Progressivism: Progress for the politically connected and woe for everyone else.

Here’s what New York Mayor Bill de Blasio’s politburo looks like, per the New York Post:

Mayor de Blasio’s patronage mill is churning out junk jobs funded with taxpayer money for longtime pals, campaign grunts and acolytes.

In addition to creating a $150,000 post for Stephanie Yazgi — the longtime girlfriend of his top strategist, Emma Wolfe — de Blasio has created positions to amp up his progressive agenda and national profile and spread propaganda touting his “transcendent” accomplishments.

The city’s television station — led by de Blasio buddy Janet Choi — devotes much of its taxpayer-funded $5.7 million budget to broadcasting his ribbon-cuttings, announcements and features about his friends, including his wedding singer.

His $105,000 digital director, Jessica Singleton, shapes his social-media image while his $69,000 media analyst, Mahen Gunaratna, measures the influence of his messages.

New York’s Community Affairs Unit is the biggest draw for de Blasio cronies:

“The CAU has now turned into a four-year organizing arm of the de Blasio campaign,” said a former liaison with the unit.

The unit now employs Pinny Ringel, a $65,000-a-year liaison to the Jewish community and a former Public Advocate’s Office staffer under de Blasio.

Sarah Sayeed is a liaison who specializes in the Muslim community. And Jonathan Soto is senior community liaison to the Clergy Advisory Council, another de Blasio creation.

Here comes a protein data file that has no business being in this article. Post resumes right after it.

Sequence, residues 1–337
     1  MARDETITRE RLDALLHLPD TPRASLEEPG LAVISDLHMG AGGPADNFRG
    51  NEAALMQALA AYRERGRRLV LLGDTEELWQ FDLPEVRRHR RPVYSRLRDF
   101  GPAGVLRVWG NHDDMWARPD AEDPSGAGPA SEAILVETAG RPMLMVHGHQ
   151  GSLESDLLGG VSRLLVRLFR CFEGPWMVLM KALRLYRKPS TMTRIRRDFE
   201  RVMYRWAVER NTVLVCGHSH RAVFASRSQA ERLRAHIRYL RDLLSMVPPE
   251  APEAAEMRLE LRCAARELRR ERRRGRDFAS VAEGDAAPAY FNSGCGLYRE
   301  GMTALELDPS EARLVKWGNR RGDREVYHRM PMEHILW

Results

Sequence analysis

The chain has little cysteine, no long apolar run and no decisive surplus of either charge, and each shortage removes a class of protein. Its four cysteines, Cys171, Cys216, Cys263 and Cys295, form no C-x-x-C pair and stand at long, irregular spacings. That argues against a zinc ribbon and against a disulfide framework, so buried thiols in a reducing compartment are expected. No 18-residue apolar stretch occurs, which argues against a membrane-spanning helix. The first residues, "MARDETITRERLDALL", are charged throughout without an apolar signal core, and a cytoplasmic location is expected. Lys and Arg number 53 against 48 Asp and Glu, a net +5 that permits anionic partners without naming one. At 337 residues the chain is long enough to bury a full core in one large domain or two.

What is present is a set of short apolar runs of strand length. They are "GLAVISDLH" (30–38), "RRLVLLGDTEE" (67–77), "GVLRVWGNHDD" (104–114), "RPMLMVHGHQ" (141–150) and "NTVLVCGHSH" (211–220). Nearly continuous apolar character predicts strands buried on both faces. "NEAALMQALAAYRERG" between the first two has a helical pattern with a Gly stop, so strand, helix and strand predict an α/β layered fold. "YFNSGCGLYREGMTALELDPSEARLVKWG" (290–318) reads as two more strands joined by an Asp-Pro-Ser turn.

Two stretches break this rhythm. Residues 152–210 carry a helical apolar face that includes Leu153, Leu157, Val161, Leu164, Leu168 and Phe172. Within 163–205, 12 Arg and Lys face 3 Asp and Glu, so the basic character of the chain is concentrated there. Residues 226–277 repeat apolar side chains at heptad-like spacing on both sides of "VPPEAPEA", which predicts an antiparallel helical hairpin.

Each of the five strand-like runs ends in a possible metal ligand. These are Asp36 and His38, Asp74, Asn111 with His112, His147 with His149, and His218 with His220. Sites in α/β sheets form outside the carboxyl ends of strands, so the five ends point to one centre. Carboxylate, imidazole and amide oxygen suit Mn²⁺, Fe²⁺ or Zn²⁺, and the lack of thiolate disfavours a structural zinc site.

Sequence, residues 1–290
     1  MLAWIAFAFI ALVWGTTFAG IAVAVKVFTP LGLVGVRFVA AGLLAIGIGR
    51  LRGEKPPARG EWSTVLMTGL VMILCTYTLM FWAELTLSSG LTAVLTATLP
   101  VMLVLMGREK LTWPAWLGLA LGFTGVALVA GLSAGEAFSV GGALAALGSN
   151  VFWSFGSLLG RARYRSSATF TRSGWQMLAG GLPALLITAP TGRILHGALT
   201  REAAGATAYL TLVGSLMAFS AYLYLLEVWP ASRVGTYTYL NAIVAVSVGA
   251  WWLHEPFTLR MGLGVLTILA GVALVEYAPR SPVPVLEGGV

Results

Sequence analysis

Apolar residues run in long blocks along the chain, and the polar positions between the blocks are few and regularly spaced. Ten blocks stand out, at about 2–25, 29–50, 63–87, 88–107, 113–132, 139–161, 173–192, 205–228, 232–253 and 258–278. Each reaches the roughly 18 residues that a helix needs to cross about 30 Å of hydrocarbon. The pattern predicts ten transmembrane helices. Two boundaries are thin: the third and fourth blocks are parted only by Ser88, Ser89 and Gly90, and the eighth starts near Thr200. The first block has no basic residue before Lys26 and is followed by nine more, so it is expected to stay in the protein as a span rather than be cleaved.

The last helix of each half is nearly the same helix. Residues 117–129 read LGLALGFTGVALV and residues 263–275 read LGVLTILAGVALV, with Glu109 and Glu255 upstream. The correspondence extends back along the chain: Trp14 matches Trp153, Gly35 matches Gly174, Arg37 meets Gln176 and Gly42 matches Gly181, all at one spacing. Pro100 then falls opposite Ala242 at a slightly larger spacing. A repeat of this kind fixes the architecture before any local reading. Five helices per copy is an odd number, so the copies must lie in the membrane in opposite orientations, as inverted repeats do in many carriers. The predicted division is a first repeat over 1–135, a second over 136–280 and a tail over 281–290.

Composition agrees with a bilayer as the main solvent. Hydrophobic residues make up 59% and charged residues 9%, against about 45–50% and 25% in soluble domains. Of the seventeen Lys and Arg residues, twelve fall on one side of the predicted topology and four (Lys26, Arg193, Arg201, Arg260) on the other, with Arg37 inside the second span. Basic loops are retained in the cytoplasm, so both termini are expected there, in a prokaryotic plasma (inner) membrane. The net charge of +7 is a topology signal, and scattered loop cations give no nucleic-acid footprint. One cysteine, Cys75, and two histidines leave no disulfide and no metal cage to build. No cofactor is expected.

Kicy Motley, a de Blasio campaign worker who tweeted “F- -k. The. Police.” in 2012, found a home in the CAU office as $55,000-a-year Brooklyn borough director.

And Rebecca Lynch, a Teamsters union lobbyist who backed de Blasio’s campaign, landed a gig as an $85,000-a-year special assistant in the CAU before taking a leave of absence to launch a bid for City Council in Queens.

But that’s not all:

Promoting his national agenda, de Blasio formed an Office of Sustainability whose director, Nilda Mesa, hauls in $179,870 per year.

She is supposed to advance “sustainability initiatives and green investments” and reduce the city’s greenhouse-gas emissions, according to a mayoral release.

And he is still looking for an organizer for the urban agenda he’s touting to other mayors, including raising the minimum wage and reducing “income inequality.”

To ensure the smooth rollout of his pre-K initiative — the cornerstone of his campaign — de Blasio beefed up the Department of Education’s early-education office with allies like Joshua Wallack.

A former aide from de Blasio’s City Council days, Wallack started at $185,000 and is now a deputy chancellor.

Many former Public Advocate’s Office employees under de Blasio glided into City Hall with hefty raises.

Avi Fink, another liaison to the Jewish community, boosted his pay from $70,000 to $93,600 when he switched jobs from deputy chief of staff to deputy director of intergovernmental affairs.

Ellyn Canfield, deputy director to the Mayor’s Office of Special Projects, doubled her pay to $80,000 a year when she left the Public Advocate’s Office as de Blasio’s scheduler and joined City Hall.

And Edith Sharp, a mayoral assistant, doubled her salary to $100,000 after serving as an assistant to the public advocate.

Campaign fund-raisers got well-paying gigs.

Izabella Vais, a $120,000-a-year assistant commissioner at the Taxi and Limousine Commission, had a knack for extracting cash from the taxi industry as a key campaign fund-raiser.

Good work if you can get it, but bad news for the citizens of New York.

Of course if you think his patronage is bad, you should see his policies.


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